How I met Mattie...
The cute house was yellow, simple, and unchanged for many years. It was surrounded by a few flower beds and some old trees with a couple chairs in the shade by the back door. Every day for six months I passed by the house on my early morning walk down the dark country road. The chill in the air was chased away by the warm, fluorescent glow of the yellow house’s kitchen light which shone out into the dark.
If I looked, I would sometimes catch a glimpse through the window of an elderly woman sitting at the kitchen table. She appeared to be reading and I figured she was an early-riser like me, enjoying the quiet of the morning. I visualized the kitchen and hoped that someday I might see inside what I visualized as a retro kitchen and I would meet the sweet lady that I already liked a lot even though I only saw her from afar.
One morning I got a late start on my walk. It was mid-morning when I passed by the yellow house. There she was, walking around in her front yard. I walked right up to her and introduced myself. She told me her name was Mattie Miller. She was 86 years old. I was 46. I told her how her kitchen light felt warm and fuzzy on my chilly morning walks and that sometimes I strained my neck for a better look because her kitchen looked so inviting. Mattie immediately said, “I think my kitchen would love to get to know you.”
That day I walked home excited about the plans we made to have breakfast the following Thursday. I couldn’t wait!
Thursday morning I walked to Mattie’s house and discovered it was just as I had imagined; a retro kitchen that was like a cozy step back in time, furnished with chrome chairs with yellow padding on the seats and back, an oblong table with chrome legs, yellow linoleum on the floor and an oilcloth on the table. (For those of you that don’t know what an oilcloth is: it’s a soft vinyl tablecloth you simply wipe clean and it has a fuzzy backing that holds it in place.)
Mattie was preparing French toast with Sunbeam bread, Maxwell House coffee, bacon and syrup. It was like a step back in time, but so homey, warm and inviting. She was the all-American Grandma at whose table everyone wants to sit. Sitting at that table, everything feels right in the world.
She was unapologetic about the simplistic world she lived in and deeply understood the importance of connection. We sat down; then she reached across the table, held my hands and prayed for me. I got all teary-eyed because that doesn’t happen very often. I felt valued and loved. She wasn’t a peer, so we weren’t competing and she was so different from me.
We had an amazing time and the ordinary breakfast tasted like something from a 4-star restaurant. She told me about herself and I told her about me. Before I knew it, two hours had passed. The coffee was gone. The sun had come up and I had to leave; but we decided to meet again a month later.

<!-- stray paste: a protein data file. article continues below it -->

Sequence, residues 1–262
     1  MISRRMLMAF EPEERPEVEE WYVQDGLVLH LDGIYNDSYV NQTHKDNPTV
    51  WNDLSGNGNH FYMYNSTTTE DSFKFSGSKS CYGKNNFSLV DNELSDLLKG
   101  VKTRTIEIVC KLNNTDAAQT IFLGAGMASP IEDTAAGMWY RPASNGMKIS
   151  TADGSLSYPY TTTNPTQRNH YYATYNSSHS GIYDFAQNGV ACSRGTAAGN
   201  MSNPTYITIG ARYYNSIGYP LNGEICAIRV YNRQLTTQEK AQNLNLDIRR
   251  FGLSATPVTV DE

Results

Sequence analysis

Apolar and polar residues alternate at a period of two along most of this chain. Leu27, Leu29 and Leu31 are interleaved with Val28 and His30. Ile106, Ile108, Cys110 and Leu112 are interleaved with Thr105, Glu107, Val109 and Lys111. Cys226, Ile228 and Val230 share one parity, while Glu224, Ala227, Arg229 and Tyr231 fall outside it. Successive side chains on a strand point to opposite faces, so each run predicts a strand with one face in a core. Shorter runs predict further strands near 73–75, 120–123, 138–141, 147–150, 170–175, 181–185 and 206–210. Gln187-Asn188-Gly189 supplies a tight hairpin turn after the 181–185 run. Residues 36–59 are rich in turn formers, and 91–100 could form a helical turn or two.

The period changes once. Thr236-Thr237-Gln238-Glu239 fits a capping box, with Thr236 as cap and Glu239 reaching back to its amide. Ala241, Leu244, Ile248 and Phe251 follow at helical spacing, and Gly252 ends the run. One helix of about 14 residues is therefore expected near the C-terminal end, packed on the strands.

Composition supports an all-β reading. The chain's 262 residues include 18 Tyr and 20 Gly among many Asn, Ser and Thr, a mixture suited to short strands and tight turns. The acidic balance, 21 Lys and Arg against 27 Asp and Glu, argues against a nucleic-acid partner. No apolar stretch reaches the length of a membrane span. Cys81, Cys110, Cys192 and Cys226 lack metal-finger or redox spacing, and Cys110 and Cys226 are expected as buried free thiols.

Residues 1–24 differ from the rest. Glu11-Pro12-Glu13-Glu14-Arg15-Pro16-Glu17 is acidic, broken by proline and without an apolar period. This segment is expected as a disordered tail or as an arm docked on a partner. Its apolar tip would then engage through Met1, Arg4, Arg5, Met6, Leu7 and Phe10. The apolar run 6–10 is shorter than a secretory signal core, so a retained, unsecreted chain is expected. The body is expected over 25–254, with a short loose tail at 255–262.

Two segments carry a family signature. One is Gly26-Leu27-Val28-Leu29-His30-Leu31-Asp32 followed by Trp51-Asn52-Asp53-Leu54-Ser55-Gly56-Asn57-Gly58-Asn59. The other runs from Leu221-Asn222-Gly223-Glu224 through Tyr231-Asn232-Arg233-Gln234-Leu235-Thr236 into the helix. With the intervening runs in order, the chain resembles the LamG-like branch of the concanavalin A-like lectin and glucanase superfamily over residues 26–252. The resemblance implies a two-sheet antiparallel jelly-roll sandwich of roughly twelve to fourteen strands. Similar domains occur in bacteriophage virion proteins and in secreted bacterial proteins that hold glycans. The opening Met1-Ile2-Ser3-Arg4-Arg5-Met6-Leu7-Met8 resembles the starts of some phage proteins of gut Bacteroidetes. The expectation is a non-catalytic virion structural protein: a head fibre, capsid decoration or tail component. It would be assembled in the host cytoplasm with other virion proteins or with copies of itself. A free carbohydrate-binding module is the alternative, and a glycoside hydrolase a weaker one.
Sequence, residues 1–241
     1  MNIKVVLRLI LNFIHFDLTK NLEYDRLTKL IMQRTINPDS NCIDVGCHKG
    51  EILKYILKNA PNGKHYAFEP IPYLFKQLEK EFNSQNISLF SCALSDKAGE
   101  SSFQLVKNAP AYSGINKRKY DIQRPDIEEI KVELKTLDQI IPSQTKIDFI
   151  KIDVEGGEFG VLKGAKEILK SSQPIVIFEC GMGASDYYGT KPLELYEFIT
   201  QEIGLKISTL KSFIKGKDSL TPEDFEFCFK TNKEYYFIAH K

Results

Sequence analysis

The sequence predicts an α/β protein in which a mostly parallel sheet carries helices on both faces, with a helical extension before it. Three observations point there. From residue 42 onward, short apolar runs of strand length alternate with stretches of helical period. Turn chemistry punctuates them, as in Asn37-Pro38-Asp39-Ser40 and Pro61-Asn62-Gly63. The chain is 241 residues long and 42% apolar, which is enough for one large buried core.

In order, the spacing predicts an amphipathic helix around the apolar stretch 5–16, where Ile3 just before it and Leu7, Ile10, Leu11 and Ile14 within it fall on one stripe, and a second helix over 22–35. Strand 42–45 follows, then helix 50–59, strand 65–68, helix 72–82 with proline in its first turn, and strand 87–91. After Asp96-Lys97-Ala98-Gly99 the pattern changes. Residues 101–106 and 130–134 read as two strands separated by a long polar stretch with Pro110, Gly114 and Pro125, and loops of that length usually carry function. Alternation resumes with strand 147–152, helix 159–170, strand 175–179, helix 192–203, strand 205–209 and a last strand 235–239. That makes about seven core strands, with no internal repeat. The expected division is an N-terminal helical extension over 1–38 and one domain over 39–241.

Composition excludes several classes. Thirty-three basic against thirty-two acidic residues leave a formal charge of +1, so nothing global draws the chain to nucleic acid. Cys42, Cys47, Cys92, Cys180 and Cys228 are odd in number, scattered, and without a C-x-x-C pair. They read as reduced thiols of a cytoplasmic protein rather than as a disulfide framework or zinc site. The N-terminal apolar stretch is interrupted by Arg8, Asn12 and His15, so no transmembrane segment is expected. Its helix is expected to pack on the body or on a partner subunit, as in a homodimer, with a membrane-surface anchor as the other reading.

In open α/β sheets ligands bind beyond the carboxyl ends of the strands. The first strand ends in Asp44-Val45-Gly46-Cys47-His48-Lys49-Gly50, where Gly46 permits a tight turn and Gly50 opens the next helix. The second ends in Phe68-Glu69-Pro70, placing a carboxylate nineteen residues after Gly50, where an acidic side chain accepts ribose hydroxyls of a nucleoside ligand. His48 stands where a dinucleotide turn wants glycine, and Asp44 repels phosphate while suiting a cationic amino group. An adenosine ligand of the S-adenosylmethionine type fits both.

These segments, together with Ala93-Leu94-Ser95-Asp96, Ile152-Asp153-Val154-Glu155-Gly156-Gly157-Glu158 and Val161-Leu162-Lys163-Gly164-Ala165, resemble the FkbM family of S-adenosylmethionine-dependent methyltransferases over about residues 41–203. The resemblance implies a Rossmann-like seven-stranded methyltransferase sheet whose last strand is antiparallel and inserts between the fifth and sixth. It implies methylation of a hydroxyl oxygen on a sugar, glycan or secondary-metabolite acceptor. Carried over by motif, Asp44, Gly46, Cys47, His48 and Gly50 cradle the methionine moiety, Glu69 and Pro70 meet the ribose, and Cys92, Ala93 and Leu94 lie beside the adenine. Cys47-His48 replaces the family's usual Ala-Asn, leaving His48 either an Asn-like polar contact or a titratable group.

Why wait a month?
A month later we decided, “Why wait a month?” We decided to meet every other week, but we could never remember which week we were in so we decided we would meet every Thursday morning. That was ten years ago. We always met at Mattie’s house because she didn’t drive. She always made breakfast. I simply came in, sat at her table, and learned a lot about life.
Eighteen months ago, Mattie moved to Walnut Hills Retirement Home and my visits to the yellow house became a memory. I still visit her. Her failing eyesight, hearing loss and limited mobility have made her world much smaller, but she never complains and wants to finish the race she’s running strong.
It's about relationships - value people first
Mattie has taught me so many things.
Take time for things that are important, like relationships.
Invest in people. Mattie and her husband Roscoe opened their home as an overnight guest house and hosted people from around the world. She still stays in contact with some of them.
Capture small blessings; like smiles from children, new baby birds in a nest and baby lambs.
One night, Mattie and I sat outside and watched the moon flowers open. Moon flowers open one-by-one after the sun goes down and the moon comes out. It’s feels magical and even in her golden years she was fascinated by the wonder of moon flowers.
In 2016, when I was diagnosed with cancer, Mattie encouraged me. She also had cancer and she told me, “God will see you through.” She was such a cheerleader. She never pitied me. She boldly proclaimed that I needed to, “Trust in the Lord because He never gives us more than HE can bear.”
Ordinary People and Simple Things
Mattie is a wise and intelligent person. One thing she said that I will never forget: “Someday Rebecca you won’t be able to see as well or hear everything and your body won’t be able to walk as well. You’ll spend a lot of time in your rocking chair. What you are doing today is what you’ll be thinking about as you rock in your chair. So make sure you aren’t wasting your life on the unimportant.”
I am so thankful to be able to live in a place like Walnut Creek, Ohio where inside simple little yellow houses live ordinary people who teach us simple things that we will remember forever and hopefully, will flow from us out to our community and touch people near as well as those from far away and that they will be blessed because they were here in our home town.
-- Submitted by Rebecca Miller, owner of Rebecca's Bistro. She and her husband, Jim, raise a few horses and sheep and live on a farmette a few miles east of Walnut Creek village.